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Thomas Jefferson

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It is not by the consolidation or concentration, of powers, but by their distribution that good government is effected.
--
Memoirs, Correspondence and Private Papers of Thomas Jefferson (1829) edited by Thomas Jefferson Randolph, p. 70.

 
Thomas Jefferson

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It will enable a Labour Government to do all they want under Labour's Programme for Britain...It will give us the powers to control all the oil companies, all the multinationals, to fix their prices and their distribution systems.

 
Tony Benn
 

An opinion prevails that there is no longer any distinction, that the republicans & Federalists are completely amalgamated but it is not so. The amalgamation is of name only, not of principle. All indeed call themselves by the name of Republicans, because that of Federalists was extinguished in the battle of New Orleans. But the truth is that finding that monarchy is a desperate wish in this country, they rally to the point which they think next best, a consolidated government. Their aim is now therefore to break down the rights reserved by the constitution to the states as a bulwark against that consolidation, the fear of which produced the whole of the opposition to the constitution at its birth. Hence new Republicans in Congress, preaching the doctrines of the old Federalists, and the new nick-names of Ultras and Radicals. But I trust they will fail under the new, as the old name, and that the friends of the real constitution and union will prevail against consolidation, as they have done against monarchism. I scarcely know myself which is most to be deprecated, a consolidation, or dissolution of the states. The horrors of both are beyond the reach of human foresight.

 
Thomas Jefferson
 

It has been said, that the people had already surrendered all their powers to the State sovereignties, and had nothing more to give. But, surely, the question whether they may resume and modify the powers granted to government does not remain to be settled in this country. Much more might the legitimacy of the general government be doubted, had it been created by the States. The powers delegated to the State sovereignties were to be exercised by themselves, not by a distinct and independent sovereignty, created by themselves. To the formation of a league, such as was the confederation, the State sovereignties were certainly competent. But when, "in order to form a more perfect union," it was deemed necessary to change this alliance into an effective government, possessing great and sovereign powers, and acting directly on the people, the necessity of 'referring it to the people, and of deriving its powers directly from them, was felt and acknowledged by all.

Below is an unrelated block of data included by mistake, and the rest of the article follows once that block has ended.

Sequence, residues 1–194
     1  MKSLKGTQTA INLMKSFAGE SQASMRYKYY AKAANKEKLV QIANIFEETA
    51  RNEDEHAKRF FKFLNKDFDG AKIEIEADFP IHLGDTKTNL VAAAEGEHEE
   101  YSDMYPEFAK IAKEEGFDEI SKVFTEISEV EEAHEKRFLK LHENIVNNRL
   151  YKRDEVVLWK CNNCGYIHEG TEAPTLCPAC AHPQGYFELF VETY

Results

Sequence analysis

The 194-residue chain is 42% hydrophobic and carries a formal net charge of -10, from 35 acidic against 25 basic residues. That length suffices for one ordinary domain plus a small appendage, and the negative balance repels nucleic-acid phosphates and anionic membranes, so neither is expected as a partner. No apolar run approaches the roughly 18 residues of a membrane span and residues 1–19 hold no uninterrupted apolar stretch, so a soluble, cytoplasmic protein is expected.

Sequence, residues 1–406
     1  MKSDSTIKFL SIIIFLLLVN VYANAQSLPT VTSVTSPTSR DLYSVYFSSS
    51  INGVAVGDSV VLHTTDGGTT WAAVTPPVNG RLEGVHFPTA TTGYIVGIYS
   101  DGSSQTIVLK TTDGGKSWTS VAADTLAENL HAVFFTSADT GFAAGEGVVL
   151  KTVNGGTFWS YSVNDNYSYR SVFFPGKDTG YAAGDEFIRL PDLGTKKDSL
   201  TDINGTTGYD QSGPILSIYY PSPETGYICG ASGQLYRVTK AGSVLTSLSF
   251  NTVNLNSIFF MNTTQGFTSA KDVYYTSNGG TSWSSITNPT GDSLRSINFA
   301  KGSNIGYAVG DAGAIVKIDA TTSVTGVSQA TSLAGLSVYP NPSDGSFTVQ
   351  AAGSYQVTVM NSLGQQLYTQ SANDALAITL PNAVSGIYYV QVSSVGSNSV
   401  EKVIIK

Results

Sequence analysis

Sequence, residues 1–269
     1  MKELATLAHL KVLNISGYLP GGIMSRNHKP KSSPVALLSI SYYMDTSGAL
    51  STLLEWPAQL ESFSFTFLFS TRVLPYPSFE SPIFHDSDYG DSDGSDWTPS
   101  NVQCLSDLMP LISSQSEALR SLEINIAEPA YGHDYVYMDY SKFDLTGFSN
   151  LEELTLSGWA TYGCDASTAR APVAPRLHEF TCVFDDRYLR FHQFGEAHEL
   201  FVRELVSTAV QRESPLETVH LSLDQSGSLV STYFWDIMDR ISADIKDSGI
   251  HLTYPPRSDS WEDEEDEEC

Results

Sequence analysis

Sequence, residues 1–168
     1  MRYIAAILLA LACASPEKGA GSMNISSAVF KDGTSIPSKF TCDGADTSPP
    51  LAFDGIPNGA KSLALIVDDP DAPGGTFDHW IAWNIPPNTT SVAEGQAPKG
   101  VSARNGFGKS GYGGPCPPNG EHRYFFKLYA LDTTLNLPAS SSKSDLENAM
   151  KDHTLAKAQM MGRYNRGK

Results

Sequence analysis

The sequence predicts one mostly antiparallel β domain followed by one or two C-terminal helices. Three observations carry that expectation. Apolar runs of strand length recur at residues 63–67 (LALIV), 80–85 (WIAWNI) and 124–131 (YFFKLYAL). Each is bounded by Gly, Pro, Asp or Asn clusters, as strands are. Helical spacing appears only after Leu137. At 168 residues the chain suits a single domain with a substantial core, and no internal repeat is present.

John Marshall
 

The danger in media concentration comes not from the concentration, but instead from the feudalism that this concentration, tied to the change in copyright, produces. It is not just that there are a few powerful companies that control an ever expanding slice of the media. It is that this concentration can call upon an equally bloated range of rights property rights of a historically extreme form that makes their bigness bad.

 
Lawrence Lessig
 

Government, like any other organism, refuses to acquiesce in its own extinction. This refusal, of course, involves the resistance to any effort to diminish its powers and prerogatives. There has been no organized effort to keep government down since Jefferson's day. Ever since then the American people have been bolstering up its powers and giving it more and more jurisdiction over their affairs. They pay for that folly in increased taxes and diminished liberties. No government as such is ever in favor of the freedom of the individual. It invariably seeks to limit that freedom, if not by overt denial, then by seeking constantly to widen its own functions.

 
H. L. Mencken
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